Tom Moon

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(SOUNDBITE OF THE BAD PLUS' "LAYIN' A STRIP FOR THE HIGHER-SELF STATE LINE")

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Jazz drummer Brian Blade is best known for this kind of sound.

(SOUNDBITE OF WAYNE SHORTER'S "ORBITS")

The last time most of us saw Beck, he was onstage at the Grammy awards accepting the Album of the Year honor for his 2014 work Morning Phase and almost being interrupted by Kanye West.

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When they set out to make new music, rock icons who have visited – or resided – at the pinnacle of success face unexpected challenges of scale.

Don't look for Walter Becker on those endless (ridiculous) listicles ranking the "Guitar Gods of the 1970s." He's rarely mentioned in the same breath as major dudes like Eric Clapton, or Jimmy Page, or Duane Allman, or Carlos Santana, or Billy Gibbons, or Frank Zappa.

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After a six-year hiatus, Canadian singer Feist is back. She's out with her fifth album. It's called "Pleasure," but that's a bit of a misdirection. Reviewer Tom Moon says the album explores the quest for inner-strength in the painful aftermath of romance.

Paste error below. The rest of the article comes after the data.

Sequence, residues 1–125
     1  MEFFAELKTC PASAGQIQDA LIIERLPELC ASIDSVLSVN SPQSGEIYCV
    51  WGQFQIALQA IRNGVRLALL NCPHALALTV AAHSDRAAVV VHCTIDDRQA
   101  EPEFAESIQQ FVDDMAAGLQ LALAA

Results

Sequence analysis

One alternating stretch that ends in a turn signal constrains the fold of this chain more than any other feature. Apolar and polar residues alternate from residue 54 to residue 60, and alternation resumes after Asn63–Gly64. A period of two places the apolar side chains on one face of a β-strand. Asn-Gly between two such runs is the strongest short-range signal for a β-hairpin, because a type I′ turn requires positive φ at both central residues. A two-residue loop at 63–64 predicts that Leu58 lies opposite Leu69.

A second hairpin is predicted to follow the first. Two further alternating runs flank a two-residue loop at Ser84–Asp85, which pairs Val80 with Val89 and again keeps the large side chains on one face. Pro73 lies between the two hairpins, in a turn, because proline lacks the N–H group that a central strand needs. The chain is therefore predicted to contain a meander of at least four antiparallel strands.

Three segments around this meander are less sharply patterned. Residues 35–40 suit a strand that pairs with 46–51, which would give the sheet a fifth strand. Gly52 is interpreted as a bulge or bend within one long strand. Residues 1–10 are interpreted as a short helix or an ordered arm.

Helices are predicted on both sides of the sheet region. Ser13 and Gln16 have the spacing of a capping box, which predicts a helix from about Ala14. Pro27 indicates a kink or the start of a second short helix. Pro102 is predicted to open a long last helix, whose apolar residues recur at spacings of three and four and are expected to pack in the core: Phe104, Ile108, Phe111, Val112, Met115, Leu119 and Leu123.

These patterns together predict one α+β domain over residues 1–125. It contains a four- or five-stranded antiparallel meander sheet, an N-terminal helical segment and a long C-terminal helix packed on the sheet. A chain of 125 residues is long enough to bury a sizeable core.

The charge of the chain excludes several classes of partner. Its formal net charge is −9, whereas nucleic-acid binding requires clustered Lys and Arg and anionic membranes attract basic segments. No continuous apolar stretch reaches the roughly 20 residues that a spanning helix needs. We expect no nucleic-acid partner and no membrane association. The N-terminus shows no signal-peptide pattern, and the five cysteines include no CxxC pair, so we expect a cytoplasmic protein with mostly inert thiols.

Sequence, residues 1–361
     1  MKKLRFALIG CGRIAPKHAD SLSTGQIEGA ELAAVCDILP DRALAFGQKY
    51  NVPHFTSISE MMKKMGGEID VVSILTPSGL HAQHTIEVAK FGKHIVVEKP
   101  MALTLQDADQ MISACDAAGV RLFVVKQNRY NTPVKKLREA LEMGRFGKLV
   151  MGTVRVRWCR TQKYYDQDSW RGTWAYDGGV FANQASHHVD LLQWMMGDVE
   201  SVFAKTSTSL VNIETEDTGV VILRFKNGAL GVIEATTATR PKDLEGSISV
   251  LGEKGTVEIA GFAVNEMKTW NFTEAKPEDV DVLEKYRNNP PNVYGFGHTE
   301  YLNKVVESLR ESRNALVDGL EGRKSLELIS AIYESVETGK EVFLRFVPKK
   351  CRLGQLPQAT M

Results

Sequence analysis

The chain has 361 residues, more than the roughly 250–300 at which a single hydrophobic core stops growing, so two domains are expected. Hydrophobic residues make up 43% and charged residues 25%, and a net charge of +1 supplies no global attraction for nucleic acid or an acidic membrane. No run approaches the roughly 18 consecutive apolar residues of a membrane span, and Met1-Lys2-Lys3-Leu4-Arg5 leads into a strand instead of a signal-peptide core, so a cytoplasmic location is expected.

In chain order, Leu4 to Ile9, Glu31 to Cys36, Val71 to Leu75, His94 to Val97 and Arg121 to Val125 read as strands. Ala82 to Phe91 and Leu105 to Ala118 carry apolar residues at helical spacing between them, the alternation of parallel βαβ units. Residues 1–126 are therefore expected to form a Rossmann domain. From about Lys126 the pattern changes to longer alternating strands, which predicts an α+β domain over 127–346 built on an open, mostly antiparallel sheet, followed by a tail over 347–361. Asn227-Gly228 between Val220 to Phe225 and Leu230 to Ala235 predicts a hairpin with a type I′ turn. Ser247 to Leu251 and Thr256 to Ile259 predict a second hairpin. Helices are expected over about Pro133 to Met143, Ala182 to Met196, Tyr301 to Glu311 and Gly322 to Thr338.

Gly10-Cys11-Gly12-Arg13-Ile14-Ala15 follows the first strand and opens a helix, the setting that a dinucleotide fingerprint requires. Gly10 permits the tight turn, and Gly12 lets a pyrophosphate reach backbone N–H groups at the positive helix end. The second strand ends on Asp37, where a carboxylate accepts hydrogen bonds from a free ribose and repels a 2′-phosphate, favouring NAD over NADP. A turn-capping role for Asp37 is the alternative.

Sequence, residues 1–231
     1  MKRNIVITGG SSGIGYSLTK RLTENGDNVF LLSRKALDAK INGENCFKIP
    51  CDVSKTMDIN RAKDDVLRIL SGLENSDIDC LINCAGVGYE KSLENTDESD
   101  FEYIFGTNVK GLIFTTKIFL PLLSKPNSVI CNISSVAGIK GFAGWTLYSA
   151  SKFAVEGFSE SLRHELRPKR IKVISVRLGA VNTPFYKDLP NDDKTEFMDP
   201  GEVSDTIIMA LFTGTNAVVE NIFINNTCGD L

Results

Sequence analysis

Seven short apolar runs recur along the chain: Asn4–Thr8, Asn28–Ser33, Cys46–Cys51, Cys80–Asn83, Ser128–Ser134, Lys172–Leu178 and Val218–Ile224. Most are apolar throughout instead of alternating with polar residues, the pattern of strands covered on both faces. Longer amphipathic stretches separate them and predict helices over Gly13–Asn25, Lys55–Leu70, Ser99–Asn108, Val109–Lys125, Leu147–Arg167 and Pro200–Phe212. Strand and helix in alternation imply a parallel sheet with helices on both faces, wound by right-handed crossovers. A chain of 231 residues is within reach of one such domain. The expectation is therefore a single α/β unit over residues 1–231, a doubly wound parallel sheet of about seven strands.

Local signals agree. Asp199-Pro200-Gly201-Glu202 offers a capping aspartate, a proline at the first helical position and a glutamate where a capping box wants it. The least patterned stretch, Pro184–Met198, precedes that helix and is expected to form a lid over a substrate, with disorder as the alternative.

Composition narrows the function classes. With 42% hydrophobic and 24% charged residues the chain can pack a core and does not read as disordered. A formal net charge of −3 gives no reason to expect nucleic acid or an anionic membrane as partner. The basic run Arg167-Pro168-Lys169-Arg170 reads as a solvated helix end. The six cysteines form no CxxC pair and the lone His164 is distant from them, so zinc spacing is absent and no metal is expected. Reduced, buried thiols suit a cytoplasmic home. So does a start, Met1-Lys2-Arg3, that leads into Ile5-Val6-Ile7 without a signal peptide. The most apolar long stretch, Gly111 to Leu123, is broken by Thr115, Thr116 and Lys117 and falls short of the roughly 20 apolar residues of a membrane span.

Stephen Bruner is a bass player, singer and songwriter who's as well known for his own music as for his collaborations. But when he released his latest solo single as Thundercat few weeks ago, those who know his work with Kendrick Lamar were scratching their heads. Here was a fiery visionary collaborating with two icons of easygoing '70s pop: Kenny Loggins and Michael McDonald.

Over the years, music fans have slowly filled in details about a hard-working, mostly anonymous collective of Detroit studio musicians known as The Funk Brothers, who were the backing band for many of Motown's hit songs. Less documented is what these musicians did when they were not in the studio.

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